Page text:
The wife of a jailed Cuban rapper known for his vocal opposition to the Castro regime is calling on America’s music industry to stand by her husband, who is on the brink of death after 24 days on a hunger strike.
Angel Yunier Remon Arzuaga, 30, nicknamed “El Critico” (The Critic) was arrested on March 26, 2013.
His crime? His music.
Seven months later, Remon Arzuaga was sentenced to eight years in prison without a trial charged with “resistance” against the communist regime. That same day, October 15, the rebel rapper started a hunger strike protesting the charges and in the hopes of getting a fair trial.
Now the once vocalist of “Los Hijos Que Nadie Quiso” (“The Children Nobody Wanted”) is in critical condition in a Bayamo military hospital, east of the island. He was admitted on October 28th.
Yudisbel Roseyo, Remon’s wife and mother to their nine-month old son, told Fox News Latino her husband has low blood pressure and leg cramps, and that doctors said he is on the verge of falling into a coma.
“He is not going to eat,” she said. “They have to make a decision, it’s freedom or death. If he dies, we both will blame the Castro brothers and the Cuban government.”
Roseyo, a member of the Ladies in White activist group, said her husband is thankful for the support, but called on more pressure from other artists to speak out against her husband’s unjust imprisonment over his lyrics and political views. Over the past few years, hunger strikes have become an anti-establishment tactic that has been used frequently in Cuba, above all after cases like that of Guillermo Fariñas, a well known Cuban dissident who holds the record with more than 24 hunger strikes.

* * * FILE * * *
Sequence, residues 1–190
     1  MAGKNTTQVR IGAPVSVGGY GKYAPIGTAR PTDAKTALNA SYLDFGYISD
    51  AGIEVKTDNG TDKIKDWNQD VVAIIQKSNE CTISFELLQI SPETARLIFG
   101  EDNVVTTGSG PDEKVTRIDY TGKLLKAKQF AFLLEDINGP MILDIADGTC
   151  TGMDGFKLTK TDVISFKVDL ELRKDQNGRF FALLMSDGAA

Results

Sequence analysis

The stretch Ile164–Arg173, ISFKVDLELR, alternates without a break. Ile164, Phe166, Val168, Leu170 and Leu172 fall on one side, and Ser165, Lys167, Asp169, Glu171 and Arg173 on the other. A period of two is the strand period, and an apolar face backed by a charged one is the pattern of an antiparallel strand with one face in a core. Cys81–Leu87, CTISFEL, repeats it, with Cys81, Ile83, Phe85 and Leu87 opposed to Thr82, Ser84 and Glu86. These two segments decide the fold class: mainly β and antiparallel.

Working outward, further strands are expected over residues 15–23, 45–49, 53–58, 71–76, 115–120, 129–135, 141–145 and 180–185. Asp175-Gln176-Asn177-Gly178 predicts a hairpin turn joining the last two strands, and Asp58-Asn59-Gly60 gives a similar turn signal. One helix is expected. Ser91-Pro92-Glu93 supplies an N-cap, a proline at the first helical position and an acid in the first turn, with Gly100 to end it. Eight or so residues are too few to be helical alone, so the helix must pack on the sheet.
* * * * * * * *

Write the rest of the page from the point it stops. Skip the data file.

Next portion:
"My message to America's singers [is] please use your voices, and help save my husband’s life," said Roseyo to Fox News Latino. "I would be grateful a million times over, and thankful if they could stand by us and ask the Cuban government for his freedom."
The hashtag #FreeElCritico has been launched on Twitter in solidarity of the jailed rapper. Thus far, Cuban American singers Gloria Estefan and Albita Rodriguez have tweeted out their support. But some, noting the power of international support, are calling on more mainstream artists to throw their celebrity weight behind the effort to bring justice to one of their own. On Wednesday, the New York Post called out rapper Jay Z for pumping money into the coffers of the communist regime while on a visit to Cuba in May with his wife Beyonce and yet choosing to say nothing about the imprisoned local Cuban rapper.
“He went to Cuba and supported the regime, and visits like it’s a free country, but why not support other rappers?” said Betsy Gonzalez, a 40-year-old human rights activist for the freedom of Cuba. Gonzalez helped organize a rally for “El Critico” at the popular Cuban restaurant Versailles in Miami on Friday evening.
Consistently targeted for his anti-regime message, Remon Arzuaga had been detained a series of times, days before his arrest, for handing out pro-freedom flyers in Bayamo. He was let go but according to Roseyo on March 26th the Cuban regime organized mobs to shout insults and threaten his family at his home. Undeterred, Remon Arzuaga, a member of pro-freedom activist group the Patriotic Union of Cuba stepped outside of his home and called on the people in the street to join the opposition against the government.
State Security officials arrested him later that day and took him to Las Mangas Prison of Bayamo. While in prison, the musician has been beaten, denied medical assistance, and even contracted cholera in July.
Roseyo is hopeful international pressure will force the Cuban government to give her husband a fair trial that will eventually lead to his freedom.
“I have faith something is going to happen,” she said. “If it doesn’t ― I am not ready for his death but I support my husband in whatever he decides. Ultimately, the Cuban government is at fault and they have the decision in their hands.”